such as DNA microarrays and SAGE for mRNA expression, and ChIP-chip experiments for protein
binding to DNA, allow us to investigate not just one or two carefully chosen genes, but numbers on
the order of all the genes of a chromosome at one time.
To filter these results in a meaningful manner, it is no longer feasible for the experimenter to
consider each gene individually. The system I propose will allow the researcher to formulate a
hypothesis about the properties of the genes. It then collects evidence in support of this hypothesis that
can be further investigated and compared with experimental results. Finally, it will generate a
prediction based on the strength of the evidence gathered. This initial version of this tool will deal with
one specific property – whether a gene encodes a transcription factor. The system will search for
evidence by examining annotated database entries as well as mining free text, searching for direct
evidence as well as similarity-based indirect evidence.
The most direct evidence we shall consider are annotations in curated sequence databases, such
as RefSeq and SWISS-PROT, indicating that a gene is a transcription factor, supported by
experimental evidence in the form of PubMed/MEDLINE publication database references. Genes with
this evidence will serve as a reference set of known transcription factors, serving in the validation the
prediction results when using all the other forms of evidence.
Searching for co-occurrence of the gene name with the property (“transcription factor”) in free
text, in the manner of traditional search tools, will be another method of generating evidence. Initially,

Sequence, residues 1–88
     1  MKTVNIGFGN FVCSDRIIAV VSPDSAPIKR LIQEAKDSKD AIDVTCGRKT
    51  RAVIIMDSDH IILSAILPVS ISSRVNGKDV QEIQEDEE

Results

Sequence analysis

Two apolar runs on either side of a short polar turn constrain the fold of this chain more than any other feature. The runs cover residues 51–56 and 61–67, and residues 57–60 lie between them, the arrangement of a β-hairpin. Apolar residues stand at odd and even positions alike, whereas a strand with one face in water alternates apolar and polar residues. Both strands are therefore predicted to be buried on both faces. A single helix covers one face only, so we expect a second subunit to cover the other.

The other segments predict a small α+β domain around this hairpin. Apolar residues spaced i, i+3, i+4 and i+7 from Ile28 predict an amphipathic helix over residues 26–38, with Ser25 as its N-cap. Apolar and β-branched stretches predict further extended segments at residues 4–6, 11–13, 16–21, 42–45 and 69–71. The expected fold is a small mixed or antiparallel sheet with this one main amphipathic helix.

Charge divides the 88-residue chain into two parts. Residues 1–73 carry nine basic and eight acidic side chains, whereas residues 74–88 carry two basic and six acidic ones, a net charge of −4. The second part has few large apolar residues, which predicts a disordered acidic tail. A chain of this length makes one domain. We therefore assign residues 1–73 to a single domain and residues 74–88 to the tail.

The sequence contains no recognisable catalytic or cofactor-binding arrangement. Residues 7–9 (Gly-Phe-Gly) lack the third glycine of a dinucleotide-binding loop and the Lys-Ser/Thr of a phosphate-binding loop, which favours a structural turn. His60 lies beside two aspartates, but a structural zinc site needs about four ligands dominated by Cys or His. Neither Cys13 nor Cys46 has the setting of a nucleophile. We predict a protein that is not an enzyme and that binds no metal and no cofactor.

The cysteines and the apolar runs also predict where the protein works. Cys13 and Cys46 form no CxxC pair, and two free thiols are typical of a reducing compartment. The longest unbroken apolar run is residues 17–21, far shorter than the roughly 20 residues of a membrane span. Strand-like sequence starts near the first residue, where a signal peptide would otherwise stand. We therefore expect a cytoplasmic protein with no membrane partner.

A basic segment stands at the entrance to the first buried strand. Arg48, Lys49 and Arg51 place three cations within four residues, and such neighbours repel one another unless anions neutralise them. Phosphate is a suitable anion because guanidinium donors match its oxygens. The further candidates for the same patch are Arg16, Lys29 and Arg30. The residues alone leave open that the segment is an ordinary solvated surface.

we shall perform text mining on PubMed abstracts, however, this can also be extended to other freetext
databases such as OMIM, another database that provides free text information annotated by
PubMed references.
Sub-properties form the first kind of indirect evidence – terms such as “DNA-binding” and
“transactivation” describe aspects of transcription factors. Sub-properties may be annotated in other
databases – for example, molecular interactions will be annotated in databases like BIND – and can
also be searched as before in free text. Gene Ontology (GO) terms applicable to transcription factors
will be chosen, supplemented by synonyms and mappings to other vocabularies such as SWISS-PROT
keywords and PubMed MeSH terms.
In addition to the above forms of direct and indirect evidence for a gene, the same evidence for
similar genes will provide additional, weaker evidence. Similar genes include homologues in other
species, found using resources such as HomoloGene, and genes with low BLAST E-values. Genes
having similar domains, or sharing an overlap of GO terms, are other forms of similarity which can be
considered as needed.
The system will access an extended version of the Atlas Data Warehouse to integrate disparate
data sources such as the various sequence and molecular interaction databases. It will also provide a
framework for database and text searching, and for computing similarity scores. Finally, a machinelearning
prediction tool will integrate all the evidence found for a gene into a final score. Linear
weighting of the evidence types will be trained using the reference set of genes, with more complex
machine learning techniques like neural networks or support vector machines used if needed.
This system is easily expandable by adding new evidence types, and can be made more general
by extending the vocabulary of properties. High-throughput techniques provide a wealth of
information – this tool aims to enable scientists in their research by providing not only predictions, but
also verifiable supporting evidence.

Unless otherwise stated, the content of this page is licensed under Creative Commons Attribution-Share Alike 2.5 License.